From simple, invariant behaviour to complex social populations
Institute Seminar by Daniel Oro
- Date: Dec 5, 2023
- Time: 10:30 AM - 11:30 AM (Local Time Germany)
- Speaker: Daniel Oro
- Daniel Oro earned his PhD in Biology from the University of Barcelona in 1996. Following this, he undertook post-doctoral research in France (CNRS-Montpellier) and the UK (University of Glasgow). Since 2003, he has held a Professorship with CSIC, the primary research institution in Spain. He established the Population Ecology Group, which brings together researchers from diverse fields with a shared interest in quantitative ecology, evolution, and the conservation of endangered species and ecosystems. Additionally, the group focused on understanding processes and patterns related to population dynamics. All of his former PhD students now hold academic positions in universities and research centers, both in Spain and abroad (Norway, UK). He enjoys visiting other laboratories, and has received two Fulbright fellowships in the USA (at the University of Boulder-Colorado and the University of California-Davis).
- Location: Hybrid meeting
- Room: Seminar room MPI-AB Bücklestrasse + Online
- Host: Max Planck Institute of Animal Behavior
- Contact: firstname.lastname@example.org
The prevailing perspective on ecological interactions' influence on fitness and ecosystem dynamics has traditionally favoured competition over cooperation, likely influenced by Darwin's theory of natural selection. However, the origin of life was probably shaped only by cooperation, giving rise to the emergence of sociality and the sharing of public information for resource acquisition. Over time, intricate forms of social organization have evolved, yet invariant, simple behaviours —social copying and conspecific attraction— remain shared among all social animals, spanning from Archaea to primates. This talk centers on how these two basic behavioural processes may elucidate certain emergent features within complex social populations, including instances of cultural punctuated evolution. Simple behaviour holds the capacity to generate features of complexity, such as feedback mechanisms, self-organization, and non-equilibrium states, as well as functional attributes like adaptation and memory. Social copying and conspecific attraction prove remarkably effective for information gathering and decision-making, particularly in scenarios involving perturbations such as invasions and warfare. Crucially, decisions concerning public information not only impact individual fitness prospects but also exert significant influence on complex population dynamics. Examples are the emergence of non-linear responses, exemplified by phenomena like transients and tipping points within populations and metapopulations. This becomes particularly evident when considering the interplay between philopatry and dispersal in social animals, including humans.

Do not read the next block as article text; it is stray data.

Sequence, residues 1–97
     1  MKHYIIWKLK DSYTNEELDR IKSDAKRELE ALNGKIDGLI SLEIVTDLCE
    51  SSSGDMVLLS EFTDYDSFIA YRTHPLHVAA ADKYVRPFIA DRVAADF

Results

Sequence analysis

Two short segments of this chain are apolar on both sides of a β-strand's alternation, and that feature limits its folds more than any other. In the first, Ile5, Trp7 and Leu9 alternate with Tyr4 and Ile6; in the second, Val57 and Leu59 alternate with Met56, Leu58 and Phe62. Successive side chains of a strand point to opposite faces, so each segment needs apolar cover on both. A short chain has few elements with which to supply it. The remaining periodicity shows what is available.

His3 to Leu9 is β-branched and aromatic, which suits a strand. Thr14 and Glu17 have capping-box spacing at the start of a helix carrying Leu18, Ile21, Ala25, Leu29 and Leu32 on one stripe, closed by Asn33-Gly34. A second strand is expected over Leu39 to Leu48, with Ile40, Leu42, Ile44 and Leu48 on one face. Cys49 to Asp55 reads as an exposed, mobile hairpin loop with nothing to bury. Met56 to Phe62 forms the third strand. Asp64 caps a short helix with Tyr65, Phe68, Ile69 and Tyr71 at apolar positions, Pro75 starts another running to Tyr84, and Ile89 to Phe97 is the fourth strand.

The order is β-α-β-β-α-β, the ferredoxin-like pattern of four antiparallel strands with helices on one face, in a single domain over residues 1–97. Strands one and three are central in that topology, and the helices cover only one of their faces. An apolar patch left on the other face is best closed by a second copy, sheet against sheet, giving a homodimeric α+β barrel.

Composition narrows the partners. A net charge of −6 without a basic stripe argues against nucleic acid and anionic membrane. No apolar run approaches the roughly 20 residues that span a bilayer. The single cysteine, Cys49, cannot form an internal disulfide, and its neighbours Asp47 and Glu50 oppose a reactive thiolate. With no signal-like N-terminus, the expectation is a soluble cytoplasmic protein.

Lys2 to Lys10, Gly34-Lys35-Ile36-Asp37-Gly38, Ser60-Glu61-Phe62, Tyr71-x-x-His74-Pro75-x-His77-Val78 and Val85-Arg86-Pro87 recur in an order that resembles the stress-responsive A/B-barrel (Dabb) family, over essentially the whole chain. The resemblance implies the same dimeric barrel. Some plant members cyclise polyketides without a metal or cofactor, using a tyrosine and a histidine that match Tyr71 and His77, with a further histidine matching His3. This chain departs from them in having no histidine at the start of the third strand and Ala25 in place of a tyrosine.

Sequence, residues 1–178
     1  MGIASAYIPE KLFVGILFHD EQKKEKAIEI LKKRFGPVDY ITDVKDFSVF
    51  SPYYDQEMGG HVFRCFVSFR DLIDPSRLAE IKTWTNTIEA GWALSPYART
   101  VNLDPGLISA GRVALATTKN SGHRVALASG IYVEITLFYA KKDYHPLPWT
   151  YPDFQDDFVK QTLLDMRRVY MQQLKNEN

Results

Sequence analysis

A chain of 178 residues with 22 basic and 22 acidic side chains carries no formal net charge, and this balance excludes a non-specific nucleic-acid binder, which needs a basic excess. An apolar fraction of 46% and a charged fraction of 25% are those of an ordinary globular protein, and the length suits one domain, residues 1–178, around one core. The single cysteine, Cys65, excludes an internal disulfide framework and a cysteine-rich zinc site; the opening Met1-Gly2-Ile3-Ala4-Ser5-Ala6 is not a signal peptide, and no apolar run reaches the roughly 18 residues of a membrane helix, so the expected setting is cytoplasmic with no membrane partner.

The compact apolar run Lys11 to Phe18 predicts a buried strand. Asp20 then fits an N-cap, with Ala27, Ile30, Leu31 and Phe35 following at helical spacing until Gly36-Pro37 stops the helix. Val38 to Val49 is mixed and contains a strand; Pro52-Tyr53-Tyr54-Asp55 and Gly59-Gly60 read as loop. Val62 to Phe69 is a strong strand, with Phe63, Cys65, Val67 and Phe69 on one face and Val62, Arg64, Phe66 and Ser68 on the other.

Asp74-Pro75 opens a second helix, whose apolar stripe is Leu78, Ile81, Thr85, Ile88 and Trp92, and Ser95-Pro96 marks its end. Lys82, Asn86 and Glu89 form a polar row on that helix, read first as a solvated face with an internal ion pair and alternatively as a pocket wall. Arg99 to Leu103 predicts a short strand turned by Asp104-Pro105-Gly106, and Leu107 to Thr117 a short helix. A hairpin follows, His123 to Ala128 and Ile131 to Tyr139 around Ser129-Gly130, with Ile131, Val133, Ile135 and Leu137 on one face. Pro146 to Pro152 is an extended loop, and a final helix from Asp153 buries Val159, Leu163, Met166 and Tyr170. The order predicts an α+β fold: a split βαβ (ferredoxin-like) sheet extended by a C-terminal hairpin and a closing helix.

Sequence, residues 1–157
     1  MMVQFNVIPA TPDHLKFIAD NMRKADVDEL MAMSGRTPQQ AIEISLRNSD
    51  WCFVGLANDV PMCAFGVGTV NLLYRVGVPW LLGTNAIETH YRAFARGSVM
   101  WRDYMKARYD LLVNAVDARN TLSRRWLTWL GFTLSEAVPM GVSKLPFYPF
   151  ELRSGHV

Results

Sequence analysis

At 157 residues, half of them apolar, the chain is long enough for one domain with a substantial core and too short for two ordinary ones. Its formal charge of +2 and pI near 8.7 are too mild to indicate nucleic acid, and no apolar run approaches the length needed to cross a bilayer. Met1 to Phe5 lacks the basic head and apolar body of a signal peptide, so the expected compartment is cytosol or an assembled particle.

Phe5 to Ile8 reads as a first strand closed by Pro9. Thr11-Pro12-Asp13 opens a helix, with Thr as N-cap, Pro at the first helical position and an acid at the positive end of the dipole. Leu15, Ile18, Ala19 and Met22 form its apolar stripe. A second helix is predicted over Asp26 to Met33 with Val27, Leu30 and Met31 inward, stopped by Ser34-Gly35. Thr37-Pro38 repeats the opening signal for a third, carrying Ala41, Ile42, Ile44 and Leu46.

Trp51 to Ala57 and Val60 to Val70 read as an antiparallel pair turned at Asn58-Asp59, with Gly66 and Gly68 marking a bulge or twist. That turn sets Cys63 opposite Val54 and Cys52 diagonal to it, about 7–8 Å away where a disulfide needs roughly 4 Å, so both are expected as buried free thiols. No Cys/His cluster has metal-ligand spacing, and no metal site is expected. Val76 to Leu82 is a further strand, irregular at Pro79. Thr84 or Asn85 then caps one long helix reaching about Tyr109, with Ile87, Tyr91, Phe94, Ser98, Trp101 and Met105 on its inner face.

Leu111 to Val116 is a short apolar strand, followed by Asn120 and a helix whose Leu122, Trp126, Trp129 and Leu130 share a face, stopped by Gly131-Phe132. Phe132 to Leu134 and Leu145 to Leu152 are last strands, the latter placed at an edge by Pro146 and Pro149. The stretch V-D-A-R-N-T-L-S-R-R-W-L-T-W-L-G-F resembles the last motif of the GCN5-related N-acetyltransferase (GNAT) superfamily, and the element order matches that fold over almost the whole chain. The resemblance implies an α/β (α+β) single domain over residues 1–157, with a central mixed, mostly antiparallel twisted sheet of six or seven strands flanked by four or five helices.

The MPI-AB Seminar Series is open to members of MPI and Uni Konstanz. The zoom link is published each week in the MPI-AB newsletter.